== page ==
Here’s your chance to be heard in Washington regarding copyright issues (one of our favorite topics, believe it or not). The Copyright Office itself is seeking comments from photographers. Or as they say, they’re requesting “written comments on how certain visual works, particularly photographs, graphic artworks, and illustrations, are monetized, enforced, and registered under the Copyright Act”. Or as we would put it – “What the heck is really going on out there? What would you liked changed?”
You can start by going to http://copyright.gov/policy/visualworks/ and then clicking on the “Comment Submission Page” link at the top. The comment period ends July 23, 2015. If you plan on sending them your comments, which we strongly recommend, do it sooner than later. If you wait, you’ll probably remember to do it on July 24th, followed by a head slap when you realize it was due yesterday.
Ed has already submitted 50 pages of comments in the past regarding some of the issues being looked at, like a small claims solution for some infringements rather than a full blown Federal lawsuit. Jack will submit a request to make works published only on social media not be considered published work or make their registration process easier. Also to make registering any published images, an even easier process than it is currently.
Several of the trade associations are virtually falling over each other in an attempt to become the key voice on behalf of all photographers in dealings with the Copyright office. It’s sort of like a polite, adult version of the kid’s game King of the Hill. Each group has its own constituency, which they are presumably trying to protect.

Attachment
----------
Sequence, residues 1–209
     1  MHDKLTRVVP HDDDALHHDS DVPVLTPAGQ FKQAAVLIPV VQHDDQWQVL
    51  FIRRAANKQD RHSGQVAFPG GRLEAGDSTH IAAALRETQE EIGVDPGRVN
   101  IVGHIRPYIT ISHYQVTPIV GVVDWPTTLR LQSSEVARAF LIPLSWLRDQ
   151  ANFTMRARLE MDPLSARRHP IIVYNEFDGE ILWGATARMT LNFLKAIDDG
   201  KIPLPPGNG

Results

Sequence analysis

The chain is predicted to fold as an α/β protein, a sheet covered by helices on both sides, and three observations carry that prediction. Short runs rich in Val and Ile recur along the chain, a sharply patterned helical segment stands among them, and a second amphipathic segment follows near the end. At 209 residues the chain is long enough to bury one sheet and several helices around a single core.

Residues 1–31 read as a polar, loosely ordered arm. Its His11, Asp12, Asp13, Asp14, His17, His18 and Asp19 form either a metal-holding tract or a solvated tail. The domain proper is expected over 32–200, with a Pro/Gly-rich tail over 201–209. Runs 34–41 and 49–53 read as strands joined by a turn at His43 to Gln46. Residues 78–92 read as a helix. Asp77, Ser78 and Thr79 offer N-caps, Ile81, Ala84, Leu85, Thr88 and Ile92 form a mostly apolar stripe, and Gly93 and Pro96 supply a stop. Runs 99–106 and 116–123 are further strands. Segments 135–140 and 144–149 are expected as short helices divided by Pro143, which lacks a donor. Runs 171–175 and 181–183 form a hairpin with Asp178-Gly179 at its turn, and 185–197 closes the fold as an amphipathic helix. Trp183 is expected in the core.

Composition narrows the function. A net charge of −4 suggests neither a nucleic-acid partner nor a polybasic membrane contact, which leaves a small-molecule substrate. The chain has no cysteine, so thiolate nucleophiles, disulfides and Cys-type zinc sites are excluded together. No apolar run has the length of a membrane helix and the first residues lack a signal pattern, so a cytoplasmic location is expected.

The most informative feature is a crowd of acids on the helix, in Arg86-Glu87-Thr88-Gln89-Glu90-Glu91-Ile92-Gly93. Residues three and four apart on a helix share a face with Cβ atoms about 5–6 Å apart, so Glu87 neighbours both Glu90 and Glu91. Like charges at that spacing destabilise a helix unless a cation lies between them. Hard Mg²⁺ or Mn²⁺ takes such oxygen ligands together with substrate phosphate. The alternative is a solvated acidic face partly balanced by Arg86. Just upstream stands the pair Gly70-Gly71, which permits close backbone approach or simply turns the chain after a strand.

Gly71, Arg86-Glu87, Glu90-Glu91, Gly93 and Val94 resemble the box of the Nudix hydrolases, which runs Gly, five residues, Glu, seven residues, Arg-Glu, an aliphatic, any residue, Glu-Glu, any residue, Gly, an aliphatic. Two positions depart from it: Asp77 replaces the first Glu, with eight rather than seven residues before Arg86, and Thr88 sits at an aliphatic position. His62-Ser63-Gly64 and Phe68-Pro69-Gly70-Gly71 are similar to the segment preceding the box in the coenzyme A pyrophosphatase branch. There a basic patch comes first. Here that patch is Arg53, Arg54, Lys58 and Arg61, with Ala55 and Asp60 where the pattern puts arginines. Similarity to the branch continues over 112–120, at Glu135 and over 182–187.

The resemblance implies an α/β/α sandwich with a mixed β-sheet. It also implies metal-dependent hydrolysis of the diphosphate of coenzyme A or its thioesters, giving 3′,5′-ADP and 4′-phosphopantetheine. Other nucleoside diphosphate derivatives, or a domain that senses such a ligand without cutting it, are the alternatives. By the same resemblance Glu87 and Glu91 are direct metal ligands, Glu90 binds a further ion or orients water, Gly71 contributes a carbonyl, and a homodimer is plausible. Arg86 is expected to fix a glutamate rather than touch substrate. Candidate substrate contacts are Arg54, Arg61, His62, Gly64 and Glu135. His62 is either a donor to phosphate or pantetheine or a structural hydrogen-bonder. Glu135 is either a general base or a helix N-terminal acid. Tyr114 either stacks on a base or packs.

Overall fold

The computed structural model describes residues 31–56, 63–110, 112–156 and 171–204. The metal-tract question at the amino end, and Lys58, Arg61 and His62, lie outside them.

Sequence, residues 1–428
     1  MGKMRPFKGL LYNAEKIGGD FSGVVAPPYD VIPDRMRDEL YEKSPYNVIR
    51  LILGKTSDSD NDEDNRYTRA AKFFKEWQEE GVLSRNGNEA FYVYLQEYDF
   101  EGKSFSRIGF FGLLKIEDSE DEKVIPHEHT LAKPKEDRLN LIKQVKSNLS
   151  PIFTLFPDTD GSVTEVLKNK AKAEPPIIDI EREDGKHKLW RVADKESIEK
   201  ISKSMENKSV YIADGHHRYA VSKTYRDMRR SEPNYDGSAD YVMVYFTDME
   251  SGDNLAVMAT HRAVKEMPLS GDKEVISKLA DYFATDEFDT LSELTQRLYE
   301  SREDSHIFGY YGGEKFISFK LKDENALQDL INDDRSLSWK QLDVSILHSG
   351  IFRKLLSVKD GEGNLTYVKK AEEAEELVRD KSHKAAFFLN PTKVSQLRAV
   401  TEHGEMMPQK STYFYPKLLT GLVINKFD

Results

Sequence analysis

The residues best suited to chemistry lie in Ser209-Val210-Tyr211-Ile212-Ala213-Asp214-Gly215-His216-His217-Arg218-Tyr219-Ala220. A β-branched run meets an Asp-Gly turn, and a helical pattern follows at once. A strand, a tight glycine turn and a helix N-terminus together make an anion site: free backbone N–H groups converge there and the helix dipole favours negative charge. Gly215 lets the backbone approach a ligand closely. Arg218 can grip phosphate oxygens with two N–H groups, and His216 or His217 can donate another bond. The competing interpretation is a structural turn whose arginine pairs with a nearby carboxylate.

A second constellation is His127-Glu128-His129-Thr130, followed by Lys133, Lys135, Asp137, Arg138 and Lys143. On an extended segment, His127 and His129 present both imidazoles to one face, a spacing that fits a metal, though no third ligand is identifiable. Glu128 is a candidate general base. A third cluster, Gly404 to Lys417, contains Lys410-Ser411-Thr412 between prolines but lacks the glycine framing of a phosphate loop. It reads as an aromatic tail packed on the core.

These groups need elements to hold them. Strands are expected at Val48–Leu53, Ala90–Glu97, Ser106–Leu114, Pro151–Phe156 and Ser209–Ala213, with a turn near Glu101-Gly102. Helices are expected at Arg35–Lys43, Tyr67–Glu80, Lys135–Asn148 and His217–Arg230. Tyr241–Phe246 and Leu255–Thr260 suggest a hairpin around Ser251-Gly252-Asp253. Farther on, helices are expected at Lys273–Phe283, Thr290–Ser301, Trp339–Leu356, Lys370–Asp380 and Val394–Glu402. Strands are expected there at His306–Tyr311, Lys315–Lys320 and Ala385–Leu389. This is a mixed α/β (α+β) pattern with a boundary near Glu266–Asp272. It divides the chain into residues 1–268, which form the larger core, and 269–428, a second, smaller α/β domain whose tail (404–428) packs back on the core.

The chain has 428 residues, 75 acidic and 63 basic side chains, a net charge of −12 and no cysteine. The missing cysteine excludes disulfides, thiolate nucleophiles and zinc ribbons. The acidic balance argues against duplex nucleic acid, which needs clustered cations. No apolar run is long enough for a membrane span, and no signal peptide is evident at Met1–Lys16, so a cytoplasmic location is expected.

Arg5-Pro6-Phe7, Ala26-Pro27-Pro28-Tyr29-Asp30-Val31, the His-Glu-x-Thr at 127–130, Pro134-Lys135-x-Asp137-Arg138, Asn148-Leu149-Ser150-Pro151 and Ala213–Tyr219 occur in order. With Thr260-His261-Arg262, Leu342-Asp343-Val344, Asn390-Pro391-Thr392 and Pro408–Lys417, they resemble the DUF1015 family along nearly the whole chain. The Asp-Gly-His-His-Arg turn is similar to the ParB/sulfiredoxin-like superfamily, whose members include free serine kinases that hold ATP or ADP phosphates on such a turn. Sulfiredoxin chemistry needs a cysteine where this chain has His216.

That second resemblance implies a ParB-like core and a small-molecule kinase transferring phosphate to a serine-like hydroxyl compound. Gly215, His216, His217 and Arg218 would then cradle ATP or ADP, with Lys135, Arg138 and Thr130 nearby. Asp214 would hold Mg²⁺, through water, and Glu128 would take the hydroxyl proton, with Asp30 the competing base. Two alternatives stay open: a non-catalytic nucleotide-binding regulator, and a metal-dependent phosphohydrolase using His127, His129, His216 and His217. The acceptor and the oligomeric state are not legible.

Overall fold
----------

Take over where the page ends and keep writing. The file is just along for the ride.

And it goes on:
We believe however, that the individual concerns of photographers – whether members of trade associations or not – are best expressed by those photographers. Here is a golden opportunity for photographers to submit their own proposals, suggestions and requests to make copyright registration and enforcement more efficient. There have been many excellent changes in the copyright process enacted by the Copyright Office in the last few years – easier online registration being a shining example.
So in your own words (rather than via some form template) do submit your concerns on the copyright issues that matter most to you. Your common sense comments will be received unfiltered by any lawyer, trade association officer or politician and perhaps adopted by the folks at the Copyright office, who by and large take their jobs seriously.
If rather than submit your comments, you choose to watch a re-run of The Big Bang Theory, then just don’t bitch later on about this or that problem you may encounter with the copyright office. We believe in being pro-active here and not relying on the actions of others to protect your interests.
The words of Bob Marley come to mind:
Get up, Stand up, Stand up for your rights.
Get up, Stand up, Don’t give up the fight.